a couple of favorite tricks that we were able to incorporate into our IKEA cabs:
    1 – we have the tall pantry & fridge cabinet that matches the depth of our fridge (which is counter depth). we took the top shelf of the pantry & the fridge cabinet & IKEA Hacked pull out drawers up there. i figured, i won’t get up there very often, but when i do, i want to be able to get to stuff easily. it beats reaching way back in there. we had to sacrifice a little vertical space because the drawers didn’t install below the bottom piece of door hardware (they had to go in just above that), but it’s worth it for those seldom used items
    2 – after cleaning out everything in my kitchen & refusing to put it all back in (just because you can doesn’t mean you should), i had 1 drawer in my pantry that has become the breakfast center. i left an outlet available in the wall behind the pantry & that drawer has the coffee maker, toaster & cappucino maker all in one place & closed off when not used. so kinda like your drawer with the toaster, but completely usable in place.
    i couldn’t be happier with our kitchen & it’s so nice to see others doing neat stuff too! kudos for your redo as well!

    • sarah says:

      Could you share a picture of your dog feeding station? I am hoping to redo my kitchen this fall and need a new place for my giant puppy (140lbs) to eat. She is a mastiff and a messy eater and sloppy drinker. Thanks!
      I noticed in the main post the discussion of slobber spots and I wonder how the integrated feeding stations are working for you both in terms of cleaning and keeping them dry. Thanks again!

      • denacho says:

        sure thing! mine is similar to the one here except we used drawers so we could hide it all away. we actually put this idea in place before we remodeled our kitchen, back when we had our old cabs. we had a bottom drawer that wasn’t being used so my hubby (aka TheBoy) simply cut a piece of board to go across the top of the drawer, then cut 2 holes to drop the bowls in. we used plywood & painted it but some melamine would have been easier to keep clean. in hindsight, it is a simply concept – just build a 3-sided “tray” (top & 2 sides) that can sit down in the drawer, & cut out holes for the bowls. we went a little fancy on our latestest, still using plywood, but covered it in the same flooring material we used in the remodel (Marmoleum) since we had plenty left. i have to post some new pics but will be sure to include that station when i do. check out for now & i’ll try to post updated photos this weekend.

      • chezerbey says:

        Hi Sarah, Bailey definitely “dribbles” after drinking but we just let it evaporate. We put a clear finish on the wood around his bowls and so far, so good (I just wipe it clean once a week or so). As for his bowls, they just pop out and go in the dishwasher when they get gross.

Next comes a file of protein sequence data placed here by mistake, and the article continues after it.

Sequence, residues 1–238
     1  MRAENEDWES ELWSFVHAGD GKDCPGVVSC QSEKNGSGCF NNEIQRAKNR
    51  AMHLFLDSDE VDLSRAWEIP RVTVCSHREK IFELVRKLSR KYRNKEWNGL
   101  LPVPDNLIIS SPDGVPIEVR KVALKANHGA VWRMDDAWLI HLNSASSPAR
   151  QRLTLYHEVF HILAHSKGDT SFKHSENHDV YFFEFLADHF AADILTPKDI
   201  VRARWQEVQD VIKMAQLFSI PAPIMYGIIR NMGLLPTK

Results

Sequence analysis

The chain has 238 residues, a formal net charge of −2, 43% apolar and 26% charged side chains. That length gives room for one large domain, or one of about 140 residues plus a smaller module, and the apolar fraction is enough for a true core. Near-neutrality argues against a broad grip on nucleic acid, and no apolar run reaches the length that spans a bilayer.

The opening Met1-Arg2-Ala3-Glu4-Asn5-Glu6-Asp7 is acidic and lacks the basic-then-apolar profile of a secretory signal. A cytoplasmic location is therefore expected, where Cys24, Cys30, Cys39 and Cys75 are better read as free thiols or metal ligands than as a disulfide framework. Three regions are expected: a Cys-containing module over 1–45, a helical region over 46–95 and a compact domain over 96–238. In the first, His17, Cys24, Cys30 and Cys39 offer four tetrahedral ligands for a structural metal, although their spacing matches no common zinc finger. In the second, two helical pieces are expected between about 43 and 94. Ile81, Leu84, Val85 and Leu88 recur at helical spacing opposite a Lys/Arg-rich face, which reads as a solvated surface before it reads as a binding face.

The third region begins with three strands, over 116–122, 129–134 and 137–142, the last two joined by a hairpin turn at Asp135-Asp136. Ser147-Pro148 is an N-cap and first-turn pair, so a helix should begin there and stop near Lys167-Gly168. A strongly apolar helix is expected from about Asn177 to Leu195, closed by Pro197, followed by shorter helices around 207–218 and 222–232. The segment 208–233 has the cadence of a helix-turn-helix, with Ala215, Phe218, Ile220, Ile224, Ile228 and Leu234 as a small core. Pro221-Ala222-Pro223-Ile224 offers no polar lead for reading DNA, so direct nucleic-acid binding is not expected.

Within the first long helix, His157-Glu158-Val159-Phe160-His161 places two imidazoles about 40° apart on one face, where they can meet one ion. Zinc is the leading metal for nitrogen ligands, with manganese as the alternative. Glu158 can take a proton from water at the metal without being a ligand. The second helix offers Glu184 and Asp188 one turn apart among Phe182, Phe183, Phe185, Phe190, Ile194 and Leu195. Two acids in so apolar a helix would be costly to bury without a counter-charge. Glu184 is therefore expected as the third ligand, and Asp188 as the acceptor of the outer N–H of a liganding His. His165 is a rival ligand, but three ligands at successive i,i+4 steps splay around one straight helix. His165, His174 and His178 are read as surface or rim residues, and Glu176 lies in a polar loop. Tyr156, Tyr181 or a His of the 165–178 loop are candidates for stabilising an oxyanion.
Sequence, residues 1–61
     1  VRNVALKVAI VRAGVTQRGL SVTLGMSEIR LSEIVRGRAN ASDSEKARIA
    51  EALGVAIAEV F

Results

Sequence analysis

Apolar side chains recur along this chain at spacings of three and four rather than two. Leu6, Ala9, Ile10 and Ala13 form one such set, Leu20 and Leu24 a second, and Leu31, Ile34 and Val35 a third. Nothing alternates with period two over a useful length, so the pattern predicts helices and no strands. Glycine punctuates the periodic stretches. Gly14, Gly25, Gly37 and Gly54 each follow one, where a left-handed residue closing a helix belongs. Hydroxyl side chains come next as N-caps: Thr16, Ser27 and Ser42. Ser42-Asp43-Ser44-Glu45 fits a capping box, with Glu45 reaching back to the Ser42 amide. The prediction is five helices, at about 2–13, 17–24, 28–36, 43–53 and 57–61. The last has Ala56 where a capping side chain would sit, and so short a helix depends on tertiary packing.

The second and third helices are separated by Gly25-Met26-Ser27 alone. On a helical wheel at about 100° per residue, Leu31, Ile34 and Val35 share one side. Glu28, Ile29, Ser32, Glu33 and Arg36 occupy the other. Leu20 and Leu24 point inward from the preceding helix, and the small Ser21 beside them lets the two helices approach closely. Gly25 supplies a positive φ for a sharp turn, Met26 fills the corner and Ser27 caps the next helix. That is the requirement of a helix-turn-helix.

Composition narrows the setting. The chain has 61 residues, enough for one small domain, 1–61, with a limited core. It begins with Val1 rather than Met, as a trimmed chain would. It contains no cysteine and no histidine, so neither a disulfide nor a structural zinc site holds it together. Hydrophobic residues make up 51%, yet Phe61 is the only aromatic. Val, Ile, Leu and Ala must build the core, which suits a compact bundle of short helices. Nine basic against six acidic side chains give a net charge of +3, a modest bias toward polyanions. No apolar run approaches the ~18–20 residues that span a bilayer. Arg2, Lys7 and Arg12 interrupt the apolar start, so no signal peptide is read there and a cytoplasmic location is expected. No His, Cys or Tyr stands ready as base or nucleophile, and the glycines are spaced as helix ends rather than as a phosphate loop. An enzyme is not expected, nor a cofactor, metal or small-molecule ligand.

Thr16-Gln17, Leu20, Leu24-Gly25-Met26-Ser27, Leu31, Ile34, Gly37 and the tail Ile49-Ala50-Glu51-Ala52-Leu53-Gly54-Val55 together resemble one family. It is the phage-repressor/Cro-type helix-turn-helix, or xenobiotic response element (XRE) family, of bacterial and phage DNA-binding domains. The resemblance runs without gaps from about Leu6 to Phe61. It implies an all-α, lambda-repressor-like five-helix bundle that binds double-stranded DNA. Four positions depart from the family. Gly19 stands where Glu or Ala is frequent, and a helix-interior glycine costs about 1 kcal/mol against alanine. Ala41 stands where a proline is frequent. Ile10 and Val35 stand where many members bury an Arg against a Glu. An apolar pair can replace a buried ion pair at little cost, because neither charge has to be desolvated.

• sarah says:

      Ok, thanks! I have less “dribble” and more “waterfall” from my mastiff! I will have to use a clear finish as well and probably come up with some additional water-damage preventing measures!
      Great ideas though 🙂

      • Trianna says:

        Maybe you could use a large plastic cutting board or a piece of stainless steel with a hole cut for the bowl in it instead of wood so that you could put both parts in the dishwasher?

  18. troy. says:

    nice post — excellent idea and very helpful

  19. Amanda says:

    Your kitchen is stunning. I don’t know what else to say…ENJOY!

  20. Heather says:

    Hi Lauren,

    It’s Heather again, and I have one more question about your lovely frig. I didn’t notice any ice trays in your freezer (old images), so I’m wondering how do you deal with ice? 🙂
    I have been researching the Summit and found one with an automatice ice maker. Thinking about taking the leap. Thanks.

    • chezerbey says:

      Hi Heather, we just have a small ice tray at the top of the freezer that holds 2-3 individual trays (maybe it’s a Seattle thing, but we don’t usually put ice in our drinks). If we were buying one today though, we’d probably get the ice maker version. Good luck!

  21. AarthiD says:

    It is astonishing, seeing the before/after for this kitchen. Your remodel is absolutely amazing. You did a great job integrating IKEA pieces with original builds that you guys did yourselves. It’s a really lovely balance of Scandinavian modular with warmer, country touches in the woods. The stainless steel pull-outs (and your other splurges) wee 110% worthwhile! 😀

    • chezerbey says:

      Thanks! Our climate can be similar to Scandinavian countries, so I think there’s something to be said about the white/warm balance…

  22. Amy says:

    This is one of the most gorgeous Ikea kitchens I’ve seen. Like everything in your home, it’s impeccable.

  23. Really awesome.. my favorite is the “Waste Organization System” hahaha.. and the dog food bowls 🙂

    Really, REALLY nice. And great post. Enjoyed reading it!


  24. Your kitchen is gorgeous. Your dog: gorgeous-er!


  25. baligins says: